Times of Oman
Nov 26, 2015 LAST UPDATED AT 11:22 AM GMT
No fun in the game anymore: David Michael Bentle, England football star
August 14, 2014 | 12:00 AM
David Michael Bentle. Photo - Shutterstock

They said he could be the next Paul Gascoigne and, when he moved to midfield, the next David Beckham. His crossing was superb, his corners deadly and, on form he seemed unstoppable.

So why has David Bentley, the England star who cost Tottenham Hotspur £15 million, given up football at only 29 and gone into the restaurant business? It was a heartbreaking decision – Bentley cried when he broke the news when being interviewed on TV — but it was a simple one. "I've fallen out of love with the game," he says. "Football has become boring. I want to take my life in a different direction.

"I've got baby twins of three months old and a four-year-old son and I want to focus on that. I wouldn't want to carry on playing football just for the money. I'm involved in a Spanish restaurant chain which we're bringing to the UK and so there's a lot of work there."

But friends say there's more to it than that. The self-confessed bad boy of football just couldn't cope with the restrictions of a game which had become big business. "I fell out with pretty much every manager I played for," admits the man who poured water on Harry Rednapp and called England boss Fabio Capello 'Postman Pat'.

Says his friend and former England colleague Jimmy Bullard: "Bents was a great lad – the bloke is an absolute wrong-un but a lot of fun and a great character! But he just couldn't toe the line when it came to discipline and doing what he was told."

Of course David Bentley has regrets about retiring probably five years earlier than he needed to. "Football was a sport I loved to play," he says now. "I did it for enjoyment. You express yourself but you find that when you reach the top level it becomes a job."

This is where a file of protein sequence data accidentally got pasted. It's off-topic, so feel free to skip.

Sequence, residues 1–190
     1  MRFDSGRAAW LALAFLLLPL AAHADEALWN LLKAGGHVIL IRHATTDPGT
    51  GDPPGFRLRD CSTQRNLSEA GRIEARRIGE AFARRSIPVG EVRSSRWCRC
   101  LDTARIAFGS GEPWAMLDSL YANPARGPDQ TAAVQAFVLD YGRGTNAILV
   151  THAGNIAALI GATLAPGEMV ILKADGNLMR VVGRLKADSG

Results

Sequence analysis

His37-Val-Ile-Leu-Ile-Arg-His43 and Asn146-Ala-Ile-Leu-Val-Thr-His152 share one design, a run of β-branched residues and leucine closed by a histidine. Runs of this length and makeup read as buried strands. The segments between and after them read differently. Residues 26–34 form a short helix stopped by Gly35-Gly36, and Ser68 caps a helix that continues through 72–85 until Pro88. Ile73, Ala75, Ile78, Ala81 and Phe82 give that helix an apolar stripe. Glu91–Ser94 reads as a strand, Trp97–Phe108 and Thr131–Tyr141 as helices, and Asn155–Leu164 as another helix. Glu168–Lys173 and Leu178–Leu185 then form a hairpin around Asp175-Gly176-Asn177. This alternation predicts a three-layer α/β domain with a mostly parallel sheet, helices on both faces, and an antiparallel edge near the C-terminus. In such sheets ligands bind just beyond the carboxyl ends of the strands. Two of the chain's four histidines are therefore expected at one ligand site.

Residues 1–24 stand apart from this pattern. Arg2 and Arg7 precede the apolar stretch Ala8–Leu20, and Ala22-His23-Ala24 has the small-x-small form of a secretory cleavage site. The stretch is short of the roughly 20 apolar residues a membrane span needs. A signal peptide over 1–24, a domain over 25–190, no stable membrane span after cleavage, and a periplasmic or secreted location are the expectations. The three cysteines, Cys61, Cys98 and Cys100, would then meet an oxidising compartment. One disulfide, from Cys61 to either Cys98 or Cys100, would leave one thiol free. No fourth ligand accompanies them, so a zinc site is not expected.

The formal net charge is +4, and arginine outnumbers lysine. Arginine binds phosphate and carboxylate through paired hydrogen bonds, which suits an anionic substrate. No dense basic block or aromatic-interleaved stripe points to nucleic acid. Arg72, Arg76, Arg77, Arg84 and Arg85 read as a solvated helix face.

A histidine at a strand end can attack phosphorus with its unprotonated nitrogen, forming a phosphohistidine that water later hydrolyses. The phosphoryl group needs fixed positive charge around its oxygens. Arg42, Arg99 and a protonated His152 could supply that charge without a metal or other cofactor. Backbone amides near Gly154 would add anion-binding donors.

David admired players who didn't conform – stars like Paul Gascoigne, Paul Scholes and Eric Cantona. "They were performers and their presence was unbelievable. Nowadays you don't see character and charisma. Every team plays the same; every player does the same thing. They're a brand and they just do their job. I could never play like that." From the beginning everyone expected great things of David Bentley. He had been spotted by a scout playing in a school match and joined Arsenal at 13, meeting and learning from legends like Patricck Viera, Dennis Bergkamp, Thierry Henry and Robert Pires.

Arsene Wenger, never one to be generous with lavish praise, thought the youngster could become the best player of his generation and the then England manager Steve McClaren labelled him the new David Beckham after seeing him land 60-yard crosses unerringly on target. But with so many superstars at Arsenal, the youngster felt he was spending too much time on the bench. He wanted to play and persuaded Arsene Wenger to send him out on loan, first to Norwich and then to Blackburn Rovers.

"I loved it there," he says. "They were my sort of team." He was their sort of player, too – he moved permanently to Blackburn on the final day of the 2006 transfer window and celebrated with a Premier League hat-trick against Manchester United the next day.

When England called, David played seven times for his country after captaining the Under 18s and playing in the senior B team. Now he criticises the England team philosophy as being too strict and stifling any individuality.

 "We'll never produce top players until we change the mindset of the English game," he says.
Happily settled in Blackburn, David Bentley became the new Premiership sensation, pursued by United, Liverpool, Arsenal and Chelsea, but he preferred to stay at Blackburn. "It was like a family," he recalls. "There were a lot of characters there, like Robbie Savage and David Flitcroft who only played to have a good time and that's what I was doing.

"It was an old fashioned club which looked after the supporters and money wasn't the most important thing.  Everyone enjoyed being at Blackburn and I hoped to stay there for years. But sadly even at Blackburn money could ta

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